Before adding a second dog, work through or figure out how to reliably manage any behavior problems your first dog has. This includes separation anxiety, inappropriate barking, aggression at windows or fences, killing cats, housetraining accidents, and other such problems. All of these behaviors easily spread from dog to dog when they live together. Two dogs doing any of these things can be more than twice as difficult to live with as one doing it.

If you want to pursue an activity with your first dog, get well down the road into that training and participation before adding a second dog. Otherwise, it’s highly likely your first dog’s training will suffer and the dog will never get to live up to his or her potential. The second one won’t do as well as possible either. What you learn with your first dog will profoundly benefit your work with the next one. All of you will be much better off if you wait until the right time to bring in another dog.

The Introduction

You might do okay just walking in the door with the new dog, especially if the new one is female and your first one is male. A rough beginning is so upsetting to everyone, though, that it’s better to take precautions.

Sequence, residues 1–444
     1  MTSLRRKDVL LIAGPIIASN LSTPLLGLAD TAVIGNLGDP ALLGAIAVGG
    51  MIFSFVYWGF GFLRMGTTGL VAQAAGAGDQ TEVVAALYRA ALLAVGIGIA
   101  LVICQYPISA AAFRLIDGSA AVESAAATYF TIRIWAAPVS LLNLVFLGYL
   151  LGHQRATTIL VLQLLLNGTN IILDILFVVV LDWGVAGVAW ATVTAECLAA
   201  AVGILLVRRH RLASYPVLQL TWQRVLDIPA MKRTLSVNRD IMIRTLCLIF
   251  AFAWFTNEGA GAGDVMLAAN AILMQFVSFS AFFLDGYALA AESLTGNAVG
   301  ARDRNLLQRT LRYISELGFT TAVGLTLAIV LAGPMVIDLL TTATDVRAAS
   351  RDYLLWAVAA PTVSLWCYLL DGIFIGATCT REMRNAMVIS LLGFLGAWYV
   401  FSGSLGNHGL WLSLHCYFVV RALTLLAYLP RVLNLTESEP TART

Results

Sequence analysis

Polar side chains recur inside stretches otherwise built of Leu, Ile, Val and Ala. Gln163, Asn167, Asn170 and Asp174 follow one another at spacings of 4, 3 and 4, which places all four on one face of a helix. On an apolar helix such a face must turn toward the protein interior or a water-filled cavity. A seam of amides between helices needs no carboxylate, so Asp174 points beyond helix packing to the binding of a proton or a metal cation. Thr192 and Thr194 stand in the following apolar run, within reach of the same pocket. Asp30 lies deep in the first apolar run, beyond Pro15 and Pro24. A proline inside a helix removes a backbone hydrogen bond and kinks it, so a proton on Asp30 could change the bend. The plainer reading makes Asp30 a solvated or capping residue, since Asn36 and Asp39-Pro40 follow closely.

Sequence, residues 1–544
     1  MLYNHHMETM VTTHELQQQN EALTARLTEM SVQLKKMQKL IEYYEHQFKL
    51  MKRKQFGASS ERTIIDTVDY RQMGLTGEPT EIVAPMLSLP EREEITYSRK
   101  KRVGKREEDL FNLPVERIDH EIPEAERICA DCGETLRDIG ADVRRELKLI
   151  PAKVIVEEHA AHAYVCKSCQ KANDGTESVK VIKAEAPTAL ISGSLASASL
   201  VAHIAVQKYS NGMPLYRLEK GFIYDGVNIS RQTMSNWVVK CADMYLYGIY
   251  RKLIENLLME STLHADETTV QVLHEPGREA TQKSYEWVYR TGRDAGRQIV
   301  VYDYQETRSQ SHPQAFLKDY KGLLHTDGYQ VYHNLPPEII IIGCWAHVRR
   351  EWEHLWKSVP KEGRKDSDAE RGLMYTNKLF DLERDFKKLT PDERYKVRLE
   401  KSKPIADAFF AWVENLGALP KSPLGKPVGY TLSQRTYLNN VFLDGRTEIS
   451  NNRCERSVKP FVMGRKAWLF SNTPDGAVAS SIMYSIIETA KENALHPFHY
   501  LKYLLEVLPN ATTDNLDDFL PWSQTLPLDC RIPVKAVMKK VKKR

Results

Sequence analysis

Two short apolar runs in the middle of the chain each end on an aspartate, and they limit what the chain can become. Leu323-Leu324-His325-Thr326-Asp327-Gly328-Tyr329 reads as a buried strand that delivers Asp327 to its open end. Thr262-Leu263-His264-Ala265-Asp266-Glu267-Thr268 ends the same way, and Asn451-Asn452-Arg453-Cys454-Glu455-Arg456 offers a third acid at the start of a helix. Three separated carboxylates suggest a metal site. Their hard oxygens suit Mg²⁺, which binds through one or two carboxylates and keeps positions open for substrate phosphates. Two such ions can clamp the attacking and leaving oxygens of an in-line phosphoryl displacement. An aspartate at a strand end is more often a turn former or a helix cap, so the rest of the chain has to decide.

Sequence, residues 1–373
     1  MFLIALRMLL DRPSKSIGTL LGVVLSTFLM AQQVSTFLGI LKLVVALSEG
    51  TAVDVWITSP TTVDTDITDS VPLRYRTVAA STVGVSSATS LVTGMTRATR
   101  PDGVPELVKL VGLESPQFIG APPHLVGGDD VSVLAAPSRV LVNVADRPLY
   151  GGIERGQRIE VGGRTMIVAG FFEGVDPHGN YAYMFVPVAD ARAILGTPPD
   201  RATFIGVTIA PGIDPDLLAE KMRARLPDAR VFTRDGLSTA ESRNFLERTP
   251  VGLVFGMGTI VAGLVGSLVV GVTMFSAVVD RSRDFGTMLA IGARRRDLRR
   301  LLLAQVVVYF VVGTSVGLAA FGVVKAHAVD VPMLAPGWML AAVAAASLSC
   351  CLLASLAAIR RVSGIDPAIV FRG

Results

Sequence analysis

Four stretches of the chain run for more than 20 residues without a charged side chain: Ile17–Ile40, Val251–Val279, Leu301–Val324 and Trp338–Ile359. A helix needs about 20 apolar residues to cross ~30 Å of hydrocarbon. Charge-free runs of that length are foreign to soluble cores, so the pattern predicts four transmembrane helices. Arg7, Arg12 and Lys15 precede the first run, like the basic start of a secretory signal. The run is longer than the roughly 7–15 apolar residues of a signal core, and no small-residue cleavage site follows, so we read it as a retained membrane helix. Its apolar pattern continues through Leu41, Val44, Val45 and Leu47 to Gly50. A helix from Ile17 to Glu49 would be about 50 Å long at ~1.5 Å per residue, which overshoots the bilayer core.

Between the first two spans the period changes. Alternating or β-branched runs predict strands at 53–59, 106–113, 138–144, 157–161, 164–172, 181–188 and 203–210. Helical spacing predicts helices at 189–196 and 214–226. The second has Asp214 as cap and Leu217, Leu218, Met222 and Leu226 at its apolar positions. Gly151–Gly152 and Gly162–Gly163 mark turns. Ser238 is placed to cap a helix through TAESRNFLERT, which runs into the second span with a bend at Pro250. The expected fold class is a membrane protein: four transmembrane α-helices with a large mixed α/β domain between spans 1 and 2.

If the new dog is an adult, ask about how this dog gets along with other dogs of the same gender. You need to know the same about your dog, so look for safe opportunities to check that out before you decide whether to adopt a second dog. If either dog is a puppy, find out how the other dog reacts to puppies. Puppies, adolescents, and adult dogs are all different to a dog.

A “normal” dog—hard to define, considering all the exaggerated genetic behavior human breeding has created in dogs—is inhibited against harming puppies. But some dogs are not “normal” in this way and will even kill puppies.